There are dozens of other considerations to go along with these. All of these elements come together to make service an urgent consideration, if not for all businesses, then certainly for most. If you’re servitizing a legacy business, or just looking to enhance the service offerings that you have today, a Chief Service Officer is an ideal steward to help navigate your business through difficult waters. Service is a natural outgrowth of operations, but operations, as a function, is generally oriented towards minimizing overhead. This, traditionally, is a key function of service, but in the new service economy, becomes secondary to making service a growth agent for a business. In that way, service decisions may seem to fit more comfortably on the product side of a business, and for many, that might be enough. For businesses where their products aren’t exclusively service, though, the operational elements needed to make service run properly could weigh down the role. Enter the Chief Service Officer. The position that straddles the operations and product world, interfacing with both sides of the business, making service a continued discussion, and helping bridge the gap between the technical elements of successful Service Management adoption and the actual work of field and back-office employees. So what does the Chief Service Officer do? This will obviously differ from company to company, but on a high-level, here are some general ideas:

  • Own the technology rollout for all of service.
  • Work with product to set rigid parameters for service execution.
  • Develop benchmarks, roadmaps, and dashboard to measure service’s impact on the whole company.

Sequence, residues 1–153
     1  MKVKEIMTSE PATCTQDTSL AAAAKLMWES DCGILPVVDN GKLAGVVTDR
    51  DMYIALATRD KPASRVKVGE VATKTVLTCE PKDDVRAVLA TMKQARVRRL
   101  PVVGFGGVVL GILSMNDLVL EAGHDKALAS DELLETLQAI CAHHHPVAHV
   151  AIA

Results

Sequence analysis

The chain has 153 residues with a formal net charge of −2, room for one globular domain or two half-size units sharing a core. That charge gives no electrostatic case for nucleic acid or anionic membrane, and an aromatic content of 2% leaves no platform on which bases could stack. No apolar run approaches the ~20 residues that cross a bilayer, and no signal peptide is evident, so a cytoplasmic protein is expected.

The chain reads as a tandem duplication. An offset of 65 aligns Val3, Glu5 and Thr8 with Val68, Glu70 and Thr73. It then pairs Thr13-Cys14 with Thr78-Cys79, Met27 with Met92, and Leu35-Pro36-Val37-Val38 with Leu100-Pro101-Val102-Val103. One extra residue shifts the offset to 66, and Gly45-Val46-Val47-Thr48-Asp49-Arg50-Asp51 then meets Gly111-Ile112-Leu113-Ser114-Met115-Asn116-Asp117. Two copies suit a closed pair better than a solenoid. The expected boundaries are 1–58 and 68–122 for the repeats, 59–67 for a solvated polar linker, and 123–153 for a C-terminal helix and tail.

• Set up and execute on service business development efforts within sales.
  • Own the service management platform, tie it to all areas of enterprise resource planning, asset management, and customer experience management.
  • Make the push that your company provides service because it wants to faster a stronger relationship with its customers.

This is by no means a silver bullet for businesses looking to redefine service, but with the right person, and the right organizational outlook, it could be what sets your business on the track towards end-to-end service transformation.

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August 22, 2019 | 4 Mins Read

Are the Results of Cloud-based Outsourcing Projects Perceived Differently by Men and Women?

August 22, 2019 | 4 Mins Read

Are the Results of Cloud-based Outsourcing Projects Perceived Differently by Men and Women?

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By Dr. Marlene R. Kolodziej